Sunday, January 11, 2009

To Lucy Barfield


I wrote this story for you, but when I began it I had not realized that girls grow quicker than books. As a result you are already too old for fairy tales, and by the time it is printed and bound you will be older still. But some day you will be old enough to start reading fairy tales again. You can then take it down from some upper shelf, dust it, and tell me what you think of it. I shall probably be too deaf to hear, and too old to understand, a word you say, but I shall still be
your affectionate Godfather,

The above is the dedication from The Lion, the Witch, and the Wardrobe. It really got me thinking about my own interest in literature. I have become old enough that I enjoy reading fairy tales again.

It also got me thinking about Biblical literature. As a child, like most children, it was the Bible stories I enjoyed the most. As I grew, my interests started to change. In the fourth grade I remember being fascinated with the Apocalypse. I would just read it over and over again. I had no idea what it was talking about but the incomprehensibility fascinated me. As I struggled with depression in high school I became addicted to the Book of Ecclesiastes. I don't think I understood the book at all then but it was interesting to read the experiences of someone who also saw the futility of life. After I got married I became more and more interested in theology and wanted to read nothing but the letters of Paul. I wanted to construct a mental system in which everything fit together in a nice package. The Gospels were nice but I already knew them. Jesus died on a cross--everybody knows that. Why did I need to read it again?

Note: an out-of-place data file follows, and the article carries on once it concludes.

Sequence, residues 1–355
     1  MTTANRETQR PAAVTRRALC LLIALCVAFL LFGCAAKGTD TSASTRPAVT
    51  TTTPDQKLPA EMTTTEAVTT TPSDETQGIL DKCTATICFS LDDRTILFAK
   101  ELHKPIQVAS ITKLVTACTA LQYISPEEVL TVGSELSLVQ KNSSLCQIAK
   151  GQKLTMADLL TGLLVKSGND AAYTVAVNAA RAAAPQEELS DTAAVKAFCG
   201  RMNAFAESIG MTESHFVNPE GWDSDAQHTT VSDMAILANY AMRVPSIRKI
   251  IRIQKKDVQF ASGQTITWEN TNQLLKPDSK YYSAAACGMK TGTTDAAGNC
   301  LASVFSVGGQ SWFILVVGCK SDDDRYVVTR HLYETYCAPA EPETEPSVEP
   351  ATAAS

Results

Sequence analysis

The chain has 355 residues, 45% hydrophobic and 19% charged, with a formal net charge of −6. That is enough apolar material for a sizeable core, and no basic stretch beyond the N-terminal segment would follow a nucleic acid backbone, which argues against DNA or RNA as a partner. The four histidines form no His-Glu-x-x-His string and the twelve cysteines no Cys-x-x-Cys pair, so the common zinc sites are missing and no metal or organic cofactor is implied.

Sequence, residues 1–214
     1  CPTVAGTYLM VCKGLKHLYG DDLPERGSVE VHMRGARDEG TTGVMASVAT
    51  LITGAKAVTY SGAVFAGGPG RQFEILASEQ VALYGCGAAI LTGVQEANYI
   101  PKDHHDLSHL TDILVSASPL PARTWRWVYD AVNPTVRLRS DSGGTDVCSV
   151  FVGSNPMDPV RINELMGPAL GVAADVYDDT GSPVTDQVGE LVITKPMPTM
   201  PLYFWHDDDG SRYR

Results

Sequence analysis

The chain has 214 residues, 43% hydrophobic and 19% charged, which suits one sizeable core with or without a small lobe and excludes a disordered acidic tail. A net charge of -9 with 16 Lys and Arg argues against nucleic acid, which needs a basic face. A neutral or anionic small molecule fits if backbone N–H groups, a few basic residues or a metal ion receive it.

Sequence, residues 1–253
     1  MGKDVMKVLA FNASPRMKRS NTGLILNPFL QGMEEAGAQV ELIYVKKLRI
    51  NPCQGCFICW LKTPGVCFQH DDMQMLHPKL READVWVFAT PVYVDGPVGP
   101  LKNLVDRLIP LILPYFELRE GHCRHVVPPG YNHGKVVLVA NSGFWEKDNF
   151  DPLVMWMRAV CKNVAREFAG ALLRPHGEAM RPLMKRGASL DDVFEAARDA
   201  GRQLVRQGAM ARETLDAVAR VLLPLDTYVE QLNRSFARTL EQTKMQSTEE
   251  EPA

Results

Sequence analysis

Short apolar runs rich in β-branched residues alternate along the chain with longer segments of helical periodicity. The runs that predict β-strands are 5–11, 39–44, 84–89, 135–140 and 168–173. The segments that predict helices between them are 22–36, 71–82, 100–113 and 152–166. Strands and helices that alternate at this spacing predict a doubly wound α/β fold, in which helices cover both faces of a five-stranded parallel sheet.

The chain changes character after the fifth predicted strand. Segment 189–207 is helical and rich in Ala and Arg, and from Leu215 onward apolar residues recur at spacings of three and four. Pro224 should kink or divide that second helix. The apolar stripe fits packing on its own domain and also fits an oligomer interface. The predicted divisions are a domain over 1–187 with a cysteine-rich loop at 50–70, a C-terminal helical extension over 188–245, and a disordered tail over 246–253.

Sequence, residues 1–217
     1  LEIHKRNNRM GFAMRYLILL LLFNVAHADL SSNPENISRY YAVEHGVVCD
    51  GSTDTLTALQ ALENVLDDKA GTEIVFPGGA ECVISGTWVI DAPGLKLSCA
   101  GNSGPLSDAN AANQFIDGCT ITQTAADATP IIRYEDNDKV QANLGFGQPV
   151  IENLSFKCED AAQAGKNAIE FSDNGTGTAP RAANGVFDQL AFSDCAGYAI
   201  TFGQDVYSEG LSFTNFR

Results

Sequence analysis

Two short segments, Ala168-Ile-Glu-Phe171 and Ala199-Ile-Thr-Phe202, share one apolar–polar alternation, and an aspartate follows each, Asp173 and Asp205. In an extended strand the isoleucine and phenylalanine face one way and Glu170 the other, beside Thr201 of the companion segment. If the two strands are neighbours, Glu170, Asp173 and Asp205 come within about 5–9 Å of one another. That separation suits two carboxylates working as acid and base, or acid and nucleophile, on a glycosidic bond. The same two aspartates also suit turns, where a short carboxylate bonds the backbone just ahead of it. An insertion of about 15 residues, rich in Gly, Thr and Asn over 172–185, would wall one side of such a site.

Now, I'm sort of back where I started. I love the stories. I love the Gospels especially. I'm a little disappointed when I face long stretches in my Bible reading plan that take me away from the Gospel readings. The stories are simple enough for a child to understand and yet deep enough to explore for more than a lifetime and they do the most important thing. They tell us what the Lamb did! They're not just some abstract system--they tell us who the Lamb is.

The church is much older than me and smarter than me and figured this all out a long time before I did. They placed the Gospels first in the canonical order and have used chanting and singing and posture to draw attention to the Gospel reading during the service. The Gospels are the lens through which all of Scripture must be viewed. We must not switch the order. They provide the foundation for the rest of the New Testament. The Epistles can in many ways be viewed as a commentary on the Gospels.

The divisions that exist within Christendom have a plethora of causes but I think one of them is not reading the Scriptures properly as a historic Christian and confusing the order of the books.

Praise be to the Lamb who is the Gospel made flesh! Praise be to the Lamb who wrote the story and is the story!

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